How can I measure the noise on my AC mains with a 2ch oscilloscope?

I’m not an EE so although I have some nice test equipment I need help. Here is the problem, the AC Mains are 120 vac but I’m trying to measure the noise on the AC signal , millivolts. I’d like to answer two questions how bad is my power and second  does my isolation transformer make a difference.


thanks for the help 


@badbruno If you are asking me: The PP15 max output is 1500W. If you need more, they have the PP20. I'm running everything off my PP15 and only at 40% load.

Also: The reason I upgraded is b/c I noticed the system sounded better at different times of the day. 

@badbruno I think power is very important to all audio equipment.  Indeed, there are some amps that can handle bad power but all amps appreciate good power.  The advice to "plug your amp directly into the wall" comes from dealing with bad power conditioners, which is most of the less expensive ones, including some name brands. 

I am a big fan of PA Audio but I know there are others that are ok.  Bottom line it, filtering won't do it.  PS audio, and other effective models, rectify the power and then invert it (let me know if you don't know those 2 terms) back into very high quality power.  

So you got your scope working and got a trace?  excellent.  


Power doesn’t make a difference crowd is counter to my experience. Two caveats here, my experience is limited to my local power and secondly, I haven’t tried a Honda generator. The greatest improvement to my system was the addition of the Shunyata Everest 8000 and Shunyata power cables. A second improvement came when I moved to battery for my full system. With a Synergistic Power Enhancer plugged into the inverter, Everest off inverter and full system, except turntable plugged into the Everest. I no longer care about local power, nor worry about lightening. My battery charger connects through both a home surge protector and a heavy duty, noisy local surge protector. That said, still no guarantee that lightening won’t fry my system, but less likely.

I went through a similar exercise a few years ago, and after getting a zillion contradictory opinions from well-meaning audiophile buddies, finally brought in the big guns -- the electrical contractor who managed the replacement of Michael Fremer’s house wiring (see Mikey's YouTubes & Stereophile articles for the blow-by-blow) and Audioquest guru Garth Powell himself. I also wrangled sessions with engineers from our local power utility and from Tesla, which installed my rooftop-PV system. I figured that, with my engineering & electronics background, all I would need would be a little direction in order to analyze and address any noise issues by myself.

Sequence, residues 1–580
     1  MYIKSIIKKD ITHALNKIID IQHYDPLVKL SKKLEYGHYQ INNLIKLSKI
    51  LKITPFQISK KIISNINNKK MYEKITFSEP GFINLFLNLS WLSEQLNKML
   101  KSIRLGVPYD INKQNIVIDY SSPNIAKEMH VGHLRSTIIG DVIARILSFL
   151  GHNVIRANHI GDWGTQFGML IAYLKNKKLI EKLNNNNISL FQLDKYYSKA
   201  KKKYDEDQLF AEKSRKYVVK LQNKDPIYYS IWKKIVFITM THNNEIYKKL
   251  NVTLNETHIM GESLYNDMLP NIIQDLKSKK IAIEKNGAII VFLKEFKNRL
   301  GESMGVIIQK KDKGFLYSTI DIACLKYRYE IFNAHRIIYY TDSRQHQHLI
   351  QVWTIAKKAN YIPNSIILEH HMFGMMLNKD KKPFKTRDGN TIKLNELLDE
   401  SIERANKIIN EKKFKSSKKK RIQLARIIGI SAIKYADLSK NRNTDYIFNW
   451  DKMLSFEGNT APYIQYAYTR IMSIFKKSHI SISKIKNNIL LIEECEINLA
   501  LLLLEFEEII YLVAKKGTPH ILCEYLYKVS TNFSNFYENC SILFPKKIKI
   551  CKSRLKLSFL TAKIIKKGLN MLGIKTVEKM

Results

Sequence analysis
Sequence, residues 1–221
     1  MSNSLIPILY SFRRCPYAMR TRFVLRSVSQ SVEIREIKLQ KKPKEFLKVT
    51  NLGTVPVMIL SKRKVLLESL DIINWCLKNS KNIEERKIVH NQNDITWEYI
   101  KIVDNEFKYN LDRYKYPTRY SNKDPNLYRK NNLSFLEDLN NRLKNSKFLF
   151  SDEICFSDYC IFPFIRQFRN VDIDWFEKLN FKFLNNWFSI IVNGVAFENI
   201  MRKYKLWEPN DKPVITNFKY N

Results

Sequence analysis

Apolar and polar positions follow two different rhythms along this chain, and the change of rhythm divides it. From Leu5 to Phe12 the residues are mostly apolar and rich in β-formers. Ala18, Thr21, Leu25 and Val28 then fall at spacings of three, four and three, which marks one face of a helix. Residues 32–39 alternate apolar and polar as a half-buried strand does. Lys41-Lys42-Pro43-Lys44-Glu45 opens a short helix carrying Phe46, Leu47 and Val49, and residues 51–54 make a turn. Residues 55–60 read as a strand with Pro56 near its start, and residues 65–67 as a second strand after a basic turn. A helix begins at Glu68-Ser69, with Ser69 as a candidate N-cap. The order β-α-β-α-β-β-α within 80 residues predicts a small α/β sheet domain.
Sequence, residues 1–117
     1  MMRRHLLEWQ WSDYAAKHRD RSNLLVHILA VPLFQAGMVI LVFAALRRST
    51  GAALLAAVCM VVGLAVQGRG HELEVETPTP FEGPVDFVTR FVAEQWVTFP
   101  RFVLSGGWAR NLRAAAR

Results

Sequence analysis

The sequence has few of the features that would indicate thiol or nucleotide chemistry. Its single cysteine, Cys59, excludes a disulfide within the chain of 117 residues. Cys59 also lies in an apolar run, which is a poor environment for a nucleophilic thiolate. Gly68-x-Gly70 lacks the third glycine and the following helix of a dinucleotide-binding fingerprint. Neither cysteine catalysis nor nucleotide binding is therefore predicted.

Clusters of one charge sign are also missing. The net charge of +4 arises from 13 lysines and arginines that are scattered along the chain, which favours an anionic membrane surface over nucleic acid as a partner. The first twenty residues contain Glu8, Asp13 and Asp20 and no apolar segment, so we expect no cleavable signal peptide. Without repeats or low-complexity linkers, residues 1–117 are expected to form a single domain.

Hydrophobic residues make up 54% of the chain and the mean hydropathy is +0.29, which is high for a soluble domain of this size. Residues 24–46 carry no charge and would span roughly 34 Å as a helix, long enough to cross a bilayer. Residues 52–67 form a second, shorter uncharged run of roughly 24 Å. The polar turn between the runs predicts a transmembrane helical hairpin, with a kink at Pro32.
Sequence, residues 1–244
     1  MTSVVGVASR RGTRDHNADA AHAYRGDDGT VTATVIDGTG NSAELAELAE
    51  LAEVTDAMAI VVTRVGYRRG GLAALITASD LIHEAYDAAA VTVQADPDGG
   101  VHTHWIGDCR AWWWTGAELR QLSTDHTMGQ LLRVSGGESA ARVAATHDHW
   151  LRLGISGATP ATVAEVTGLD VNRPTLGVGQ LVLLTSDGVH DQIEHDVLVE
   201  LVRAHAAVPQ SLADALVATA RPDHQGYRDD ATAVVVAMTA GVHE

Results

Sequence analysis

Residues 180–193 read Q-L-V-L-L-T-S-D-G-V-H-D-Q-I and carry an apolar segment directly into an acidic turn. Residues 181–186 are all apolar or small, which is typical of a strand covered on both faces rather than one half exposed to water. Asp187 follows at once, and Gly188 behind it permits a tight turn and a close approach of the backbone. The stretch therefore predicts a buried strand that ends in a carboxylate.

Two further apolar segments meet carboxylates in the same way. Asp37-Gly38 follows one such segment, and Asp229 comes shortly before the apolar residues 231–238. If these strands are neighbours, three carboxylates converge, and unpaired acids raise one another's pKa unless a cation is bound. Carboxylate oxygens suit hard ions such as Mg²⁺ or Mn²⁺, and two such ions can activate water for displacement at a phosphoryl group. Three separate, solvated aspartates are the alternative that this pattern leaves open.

However, they all agreed that what you & I want to do would require tens of thousands of bucks worth of specialized analyzers. To my amazement, even my utility’s engineers didn’t have access to such devices. A simple scope and 10X probes, or even one of these PC/phone-based spectrum analyzers, doesn’t provide all the information you need to fully understand power-line anomalies. There are many types of noise (including 2d-order FX produced by the interaction of noise components with each other & with an audio signal) that are relevant in this type of use case that even a top-notch amplfier’s internal power supply isn’t designed to address.

For example, as Garth has demonstrated so effectively, even high frequency noise -- hundreds of KHz, I presume -- can create low-amplitude sidebands that aren’t filtered out by a conventional component PS, and that leak into the audio path to compromise the resolving power and transient response of even a modest audiophile-class stereo. Analyzing & mitigating the FX of line noise is not as simple as measuring an amplfier’s THD or filtering 60-cycle hum.

Despite all this, I still didn’t give up & picked up a prosumer "line-noise analyzer" that gave me a ballpark idea of aggregate noise levels within different frequency bands. I was then able to at least qualitatively understand how the levels of certain bands of noise fluctuated as a function of time-of-day. Surprisingly regular. But again, not real useful, beyond confirming that the relatively inexpensive inverters in my PV system produced more noise than did my power utility.

So I finally, finally! gave up and sunk $7-10K into a Garth-designed Audioquest Niagara conditioner and complementary power cords. A lower-end version of what Fremer himself was using with his Dartzeels & Chronosonics.

Happy ending. The Niagara produced one of the most dramatic improvements in SQ -- imaging, soundstage, detail, physicality, air, you name it -- I’ve ever experienced in a system I’ve owned. Beyond anything I’d expected. And I’ve been building systems from Stereophile-class components for almost 50 years.

When it comes to power, as with cables or anything else audiophile, the devil is of course in the details. What worked for me might be ineffective for you, especially if power quality is not your weakest link. But I can say this with the authority of personal experience: Once I started interviewing people who really knew what they were talking about, it quickly became obvious that trying to fully quantize a typical home’s line noise before taking corrective action is neither necessary nor sufficient -- and would require pricey, specialized gear that cost more than a full-blown, top-of-the-line conditioner.

My 2c.

Gents your experiences are extremely helpful. I’m using a Core Power Technologies DEEP=CORE 1800. And with my AMT tweeters it’s quieter. But not sophisticated as your solution. I do believe the Honda inverter is cleaner power ! 

I’ve heard the same comment from a friend that switched from PS Audio P20 to a Shunyata he never looked back .

i have a High freq current probe for the o scope that I might look at up stream and dwn stream of the power conditioner? 

thank you all for your contributions